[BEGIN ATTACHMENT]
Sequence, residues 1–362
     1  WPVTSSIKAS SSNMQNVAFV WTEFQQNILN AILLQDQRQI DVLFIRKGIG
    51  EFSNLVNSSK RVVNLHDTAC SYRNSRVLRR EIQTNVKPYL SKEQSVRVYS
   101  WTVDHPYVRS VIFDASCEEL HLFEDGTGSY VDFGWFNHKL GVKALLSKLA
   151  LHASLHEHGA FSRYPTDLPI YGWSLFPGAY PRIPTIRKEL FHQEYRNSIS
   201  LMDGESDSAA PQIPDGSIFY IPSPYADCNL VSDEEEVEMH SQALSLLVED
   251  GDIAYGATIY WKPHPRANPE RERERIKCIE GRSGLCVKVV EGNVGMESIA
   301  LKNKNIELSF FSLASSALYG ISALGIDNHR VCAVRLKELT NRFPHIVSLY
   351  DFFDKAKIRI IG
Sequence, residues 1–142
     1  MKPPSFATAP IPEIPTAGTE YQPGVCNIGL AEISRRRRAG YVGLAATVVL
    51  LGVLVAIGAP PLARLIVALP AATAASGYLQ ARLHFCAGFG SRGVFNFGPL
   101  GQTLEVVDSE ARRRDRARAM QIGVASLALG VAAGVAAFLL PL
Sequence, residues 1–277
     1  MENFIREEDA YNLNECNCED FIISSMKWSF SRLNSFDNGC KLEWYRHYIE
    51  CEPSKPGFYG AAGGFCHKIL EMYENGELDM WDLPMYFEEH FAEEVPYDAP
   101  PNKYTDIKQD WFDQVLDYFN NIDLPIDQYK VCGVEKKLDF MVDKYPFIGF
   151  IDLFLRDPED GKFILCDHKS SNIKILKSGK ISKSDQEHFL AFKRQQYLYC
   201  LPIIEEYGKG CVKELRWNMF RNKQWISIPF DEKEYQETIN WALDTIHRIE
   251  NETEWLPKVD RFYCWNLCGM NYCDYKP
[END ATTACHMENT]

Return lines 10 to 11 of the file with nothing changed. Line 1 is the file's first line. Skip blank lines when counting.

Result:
Sequence, residues 1–142
     1  MKPPSFATAP IPEIPTAGTE YQPGVCNIGL AEISRRRRAG YVGLAATVVL